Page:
Harris Dickinson, Zac Efron, Jeremy Allen White, and Stanley Simon in 'The Iron Claw'

‘The Iron Claw’ Shows What It Means To Break the Cycle

While The Iron Claw brings the story of the Von Erich family to people who may not know who they are, it also provides us with a unique look into how the next generation of the family actively did better than the one before it. A fictionalized look at the Von Erichs, it’s still a beautiful story of brothers who loved and cared for each other despite the odds.

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Starring Zac Efron as Kevin Von Erich, the movie had a central theme of sharing your emotions. Jack “Fritz” Von Erich (Holt McCallany) tells his sons to not show emotions, even when they lose a sibling. The death of David Von Erich (Harris Dickinson) isn’t even enough for Jack to let them have a moment of reprieve to just be and have a moment to break.

When Kevin pleads with Jack to talk to Kerry (Jeremy Allen White) when he is at his lowest, both of his parents put it on Kevin to deal with his brother because caring is not their problem in that moment. For all Kevin’s concern for his brothers, their parents consistently say to deal with it among each other and never let their emotions show. But what we see throughout the movie is Kevin trying to break the cycle of what his parents are instilling in them.

This is driven home by the end of the movie when Kevin finally snaps to his father, breaking the “no emotions” and machismo rule of the Von Erich family and leaving the audience with a man openly showing emotion to his boys and sharing the pain he’s going through. The final moments of The Iron Claw show us exactly how Kevin isn’t continuing his parents’ ways.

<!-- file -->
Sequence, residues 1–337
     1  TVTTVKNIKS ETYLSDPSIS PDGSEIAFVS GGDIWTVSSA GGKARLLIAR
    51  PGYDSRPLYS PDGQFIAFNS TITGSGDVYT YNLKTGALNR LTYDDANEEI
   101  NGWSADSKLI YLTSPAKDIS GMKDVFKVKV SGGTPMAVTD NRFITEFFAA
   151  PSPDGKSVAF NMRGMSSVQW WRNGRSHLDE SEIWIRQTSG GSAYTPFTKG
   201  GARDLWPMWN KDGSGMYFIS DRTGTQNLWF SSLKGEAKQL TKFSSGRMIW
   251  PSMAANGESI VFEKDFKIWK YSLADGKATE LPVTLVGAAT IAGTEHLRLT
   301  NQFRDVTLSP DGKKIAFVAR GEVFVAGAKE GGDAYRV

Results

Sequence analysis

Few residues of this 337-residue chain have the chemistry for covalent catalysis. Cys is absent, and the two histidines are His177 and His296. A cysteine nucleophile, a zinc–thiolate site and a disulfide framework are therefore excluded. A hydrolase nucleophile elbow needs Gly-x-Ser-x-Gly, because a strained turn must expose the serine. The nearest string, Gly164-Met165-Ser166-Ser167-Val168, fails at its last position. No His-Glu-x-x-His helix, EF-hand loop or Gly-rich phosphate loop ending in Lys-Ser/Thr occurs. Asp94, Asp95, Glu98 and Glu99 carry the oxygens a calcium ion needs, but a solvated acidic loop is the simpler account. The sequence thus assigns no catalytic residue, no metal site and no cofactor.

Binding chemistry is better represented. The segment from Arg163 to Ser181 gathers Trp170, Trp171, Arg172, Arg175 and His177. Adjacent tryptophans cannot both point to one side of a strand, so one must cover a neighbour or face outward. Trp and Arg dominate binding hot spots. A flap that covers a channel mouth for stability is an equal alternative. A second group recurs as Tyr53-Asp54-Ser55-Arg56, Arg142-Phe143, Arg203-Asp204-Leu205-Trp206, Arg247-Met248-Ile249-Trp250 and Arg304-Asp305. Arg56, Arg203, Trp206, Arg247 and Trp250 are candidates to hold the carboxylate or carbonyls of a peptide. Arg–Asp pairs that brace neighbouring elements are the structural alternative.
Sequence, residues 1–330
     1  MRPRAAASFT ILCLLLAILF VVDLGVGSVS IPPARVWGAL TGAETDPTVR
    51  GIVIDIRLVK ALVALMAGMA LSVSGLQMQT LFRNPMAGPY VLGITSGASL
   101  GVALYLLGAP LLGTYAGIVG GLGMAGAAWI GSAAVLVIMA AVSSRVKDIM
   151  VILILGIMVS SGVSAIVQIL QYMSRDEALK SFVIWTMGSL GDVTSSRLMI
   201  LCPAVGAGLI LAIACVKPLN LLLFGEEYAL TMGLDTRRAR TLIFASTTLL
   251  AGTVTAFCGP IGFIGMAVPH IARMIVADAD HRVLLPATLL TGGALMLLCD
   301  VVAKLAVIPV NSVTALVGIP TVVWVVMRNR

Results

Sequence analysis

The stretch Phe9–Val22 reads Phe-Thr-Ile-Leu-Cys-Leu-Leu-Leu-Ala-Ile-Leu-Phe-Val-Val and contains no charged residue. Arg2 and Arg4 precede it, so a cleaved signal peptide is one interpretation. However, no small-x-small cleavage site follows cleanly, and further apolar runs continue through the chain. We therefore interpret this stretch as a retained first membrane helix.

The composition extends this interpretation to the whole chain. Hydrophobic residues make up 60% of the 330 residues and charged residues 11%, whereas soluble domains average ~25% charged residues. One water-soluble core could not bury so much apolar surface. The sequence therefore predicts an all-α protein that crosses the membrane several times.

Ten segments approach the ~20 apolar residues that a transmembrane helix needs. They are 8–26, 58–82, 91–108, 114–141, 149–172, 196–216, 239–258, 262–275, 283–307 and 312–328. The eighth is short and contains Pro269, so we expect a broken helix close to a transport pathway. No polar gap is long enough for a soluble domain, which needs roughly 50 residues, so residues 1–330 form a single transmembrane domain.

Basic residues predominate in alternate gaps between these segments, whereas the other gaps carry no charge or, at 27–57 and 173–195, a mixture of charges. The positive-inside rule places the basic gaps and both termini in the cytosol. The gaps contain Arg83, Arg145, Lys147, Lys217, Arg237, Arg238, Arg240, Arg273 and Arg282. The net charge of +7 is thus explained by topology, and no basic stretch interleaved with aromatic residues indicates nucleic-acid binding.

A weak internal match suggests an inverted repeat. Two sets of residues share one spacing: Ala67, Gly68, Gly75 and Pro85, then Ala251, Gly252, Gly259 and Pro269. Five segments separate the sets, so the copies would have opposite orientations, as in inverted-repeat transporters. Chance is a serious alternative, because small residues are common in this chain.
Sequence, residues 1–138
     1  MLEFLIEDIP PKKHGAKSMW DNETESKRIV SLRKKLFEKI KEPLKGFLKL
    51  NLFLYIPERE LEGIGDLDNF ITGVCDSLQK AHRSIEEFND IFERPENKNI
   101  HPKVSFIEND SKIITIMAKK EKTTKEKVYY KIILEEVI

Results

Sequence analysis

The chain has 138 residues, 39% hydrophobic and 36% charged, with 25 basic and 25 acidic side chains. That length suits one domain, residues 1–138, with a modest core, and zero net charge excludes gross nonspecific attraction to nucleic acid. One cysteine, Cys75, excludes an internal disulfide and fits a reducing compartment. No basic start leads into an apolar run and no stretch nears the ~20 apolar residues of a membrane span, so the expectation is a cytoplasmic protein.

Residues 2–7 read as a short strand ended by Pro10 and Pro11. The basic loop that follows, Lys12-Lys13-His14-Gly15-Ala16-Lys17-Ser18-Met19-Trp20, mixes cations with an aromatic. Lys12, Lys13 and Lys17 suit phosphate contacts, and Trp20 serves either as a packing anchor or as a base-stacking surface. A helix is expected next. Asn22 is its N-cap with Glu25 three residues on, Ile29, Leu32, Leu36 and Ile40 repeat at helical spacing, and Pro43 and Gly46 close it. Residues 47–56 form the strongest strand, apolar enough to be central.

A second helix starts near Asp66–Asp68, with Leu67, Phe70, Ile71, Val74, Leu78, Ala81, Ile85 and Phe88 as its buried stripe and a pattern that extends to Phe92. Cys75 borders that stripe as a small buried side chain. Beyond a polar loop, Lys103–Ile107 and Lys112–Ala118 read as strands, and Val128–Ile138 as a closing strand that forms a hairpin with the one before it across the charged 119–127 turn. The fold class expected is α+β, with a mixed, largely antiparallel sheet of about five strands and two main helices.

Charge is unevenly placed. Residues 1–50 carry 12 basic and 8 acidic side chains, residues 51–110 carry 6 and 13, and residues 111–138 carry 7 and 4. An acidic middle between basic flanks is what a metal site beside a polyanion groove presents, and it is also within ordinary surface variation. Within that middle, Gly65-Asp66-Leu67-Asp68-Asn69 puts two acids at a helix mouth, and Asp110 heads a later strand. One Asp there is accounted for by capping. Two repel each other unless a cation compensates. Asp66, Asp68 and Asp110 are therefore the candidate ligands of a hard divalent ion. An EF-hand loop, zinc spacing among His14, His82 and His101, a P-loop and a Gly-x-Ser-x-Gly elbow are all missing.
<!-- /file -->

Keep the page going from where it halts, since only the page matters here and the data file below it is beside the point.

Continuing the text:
A changed man

Zac Efron holding up the belt in the Iron Claw

In the final moments of The Iron Claw, we could have seen Kevin Von Erich showing the same kind of macho energy that Fritz instilled in his sons. Instead, he sits watching his two boys playing together and sees the brotherly love that they share and remembers the love he shared with his own.

There, he sobs. He breaks and lets the emotions flow through him and doesn’t hide those tears away from his boys, even sharing exactly why he’s upset—something that Fritz would have never done in front of his own boys or at all. Kevin, in that moment, is sharing his emotions, letting his boys know that feeling is okay and sharing what they are going through is healthy.

Seeing that in the final moments of The Iron Claw and knowing that he’s taking all the things that his parents instilled in him and making sure he doesn’t repeat the same pain with his own children is one of the reasons why the end of the movie works so well. He is a man who lost his brothers, who was in pain, and he could revert to what he always knew, but he changes for the better, and it is what is so hopeful in the midst of the pain that Kevin has gone through.

(featured image: A24)

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Rachel Leishman
Rachel Leishman (She/Her) is an Assistant Editor at the Mary Sue. She's been a writer professionally since 2016 but was always obsessed with movies and television and writing about them growing up. A lover of Spider-Man and Wanda Maximoff's biggest defender, she has interests in all things nerdy and a cat named Benjamin Wyatt the cat. If you want to talk classic rock music or all things Harrison Ford, she's your girl but her interests span far and wide. Yes, she knows she looks like Florence Pugh. She has multiple podcasts, normally has opinions on any bit of pop culture, and can tell you can actors entire filmography off the top of her head. Her current obsession is Glen Powell's dog, Brisket. Her work at the Mary Sue often includes Star Wars, Marvel, DC, movie reviews, and interviews.